DATE: March 2008 - The College Degree: Fact or Fiction
Receiving a college degree is supposed to be one of the greatest accomplishments of a lifetime. The excitement of finishing, the feeling
of success and the prospect of a bright future ahead are just a few of the benefits that come with a college education. For some, the
work that comes with receiving a college education is simply viewed as a requirement of the curriculum. However for other people the
work is only a waste of time. How is it possible to receive a college degree without completing the required curriculum? The answer: A
What is a Degree Mill?
While there is no agreed upon definition of what a Degree Mill is, Wikipedia defines it as “an organization that awards academic
degrees (and diplomas) with substandard or no academic study, and without recognition by official accrediting bodies. These degrees
are often awarded based on life experience.” The practices of Degree Mills were first recognized in 1876 by U.S. Commissioner of
Education John Eaton, an 1854 Dartmouth graduate who referred to such institutions as a disgrace to American education.
While the practice of obtaining a degree issued by a Degree Mill is by no means original, the industry has been rejuvenated in recent
years by way of the internet, soaring these Mills to an estimated billion dollar profit. Perhaps the lure of these Mills is the ease of their
accessibility. With just a few clicks of the mouse, you can find your way to institutions such as Belford University or Ashwood University
that offer degrees delivered right to your door in just 7 days for about $450 in fields such as Nursing, Accounting and Information
Technology. Further enhancing the lure is that many Degree Mills are now offering verification services that ensure your “credentials”
will be verified for inquiring employers or education institutions.
Don’t be Fooled by Accreditation.
A standard practice for any established academic institution is to maintain accreditation through an official accrediting body. Degree
Mills are clever entities though. Many claim their institutions are fully accredited and therefore offer legitimate degrees. While it is true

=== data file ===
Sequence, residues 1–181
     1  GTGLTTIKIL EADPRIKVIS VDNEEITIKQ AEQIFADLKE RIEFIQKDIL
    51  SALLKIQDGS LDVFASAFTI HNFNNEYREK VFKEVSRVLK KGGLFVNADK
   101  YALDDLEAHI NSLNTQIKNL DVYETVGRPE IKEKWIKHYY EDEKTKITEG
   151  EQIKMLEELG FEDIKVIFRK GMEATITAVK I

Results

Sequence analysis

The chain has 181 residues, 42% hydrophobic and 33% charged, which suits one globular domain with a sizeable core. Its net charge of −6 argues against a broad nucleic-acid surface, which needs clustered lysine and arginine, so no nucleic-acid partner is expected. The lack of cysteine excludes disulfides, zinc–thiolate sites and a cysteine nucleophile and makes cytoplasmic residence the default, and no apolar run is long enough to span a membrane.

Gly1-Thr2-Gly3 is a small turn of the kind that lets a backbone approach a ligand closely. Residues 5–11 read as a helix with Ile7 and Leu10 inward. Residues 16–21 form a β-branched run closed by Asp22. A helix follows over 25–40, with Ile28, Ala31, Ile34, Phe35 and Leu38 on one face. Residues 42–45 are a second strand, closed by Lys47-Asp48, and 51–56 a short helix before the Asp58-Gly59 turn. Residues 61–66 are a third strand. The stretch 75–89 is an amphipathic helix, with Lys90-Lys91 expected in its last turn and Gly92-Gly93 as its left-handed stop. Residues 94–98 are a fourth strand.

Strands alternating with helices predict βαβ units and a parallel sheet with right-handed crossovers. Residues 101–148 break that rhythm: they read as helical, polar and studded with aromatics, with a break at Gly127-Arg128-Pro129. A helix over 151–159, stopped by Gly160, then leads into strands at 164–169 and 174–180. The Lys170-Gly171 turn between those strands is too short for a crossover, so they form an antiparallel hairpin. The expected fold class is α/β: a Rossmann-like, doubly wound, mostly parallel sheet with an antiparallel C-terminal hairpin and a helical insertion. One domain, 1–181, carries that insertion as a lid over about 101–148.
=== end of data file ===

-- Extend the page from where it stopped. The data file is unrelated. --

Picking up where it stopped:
that many Degree Mills are “accredited,” they are often accredited by bodies that are established by the Mill themselves.
In an effort to validate the legitimacy of accreditation, all legitimate accrediting bodies are required to be registered with either The
Council for Higher Education Accreditation (CHEA) and/or U.S. Department of Education (USDE) (NAPBS Journal, 2008). The CHEA
and USDE are organizations that provide a national advocacy for self-regulation of academic quality through the practice of
accreditation, providing scrutiny and certification of the quality of higher education accrediting bodies. This includes specific accrediting
bodies focused on areas such as faith-based and career specific agencies and regional accrediting bodies such as liberal arts
agencies (NAPBS, Journal 2008). It is the duty of the CHEA and the USDE to provide scrutiny to accrediting bodies, ensuring programs
comply with the standards expected of institutions of higher education.
My Employees Would Never “Purchase” a Degree!
While it is true that a majority of people would never resort to the use of a Degree Mill to advance their education and career, no
employer is immune to the liability of such a degree. In 2004, Laura Callahan, a Senior Director of The Department of Homeland
Security, resigned when it was discovered that her Doctorate Degree was issued by Hamilton University, a known Degree Mill located in
Wyoming. The mill has since relocated to the Bahamas using the name “Richardson University.”
Similarly, Charles Abell, former Deputy Undersecretary of Defense for Personnel and Readiness, obtained his Master’s Degree from
Columbus University, a Degree Mill which was closed by the state of Louisiana as one of the 12 famous Degree Mills labeled the “Dirty
Dozen” (Irish Times, 1998). Daniel Matthews, Chief Information Officer for the Department of Transportation, received his Bachelor’s
Degree from Kent College in Louisiana. The cost? $3,500.
What is being done about these mills?
While some states like New Jersey and Oregon have been successful in adopting legislation that combat Degree Mills, most states
have been less successful. When the dust settles, a Degree Mill is simply a business that has the same right to operate as the any
other business. Legislators in some states have argued that Degree Mills are operating on a fraudulent basis. However as long as no
false claims are made with respect to the degree issued, very few of these arguments have been successful. In addition, many states
have non-descript laws on the books that infer possessing a degree issued by a Degree Mill is not is crime but rather a constitutional
Regardless of the circumstances, it has become clear that fraudulent degrees are everywhere and that identifying such degrees sits
solely on the inquiring party, whether it is an institution of higher education or a potential employer. It’s an “employer beware” world, so
next time someone flashes a degree in front of you, just think of Due, because if he can do it, anyone can!
Commercial Investigations LLC
• Lack of accreditation by a body
recognized by the CHEA and/or
• Lack of .edu domain name
• Schools website list no faculty
• Degree earned in weeks rather
than months or years
• Tuition paid in a lump sum amount
(often between $500 and $4500)
• Institution frequently changes
addresses and physical location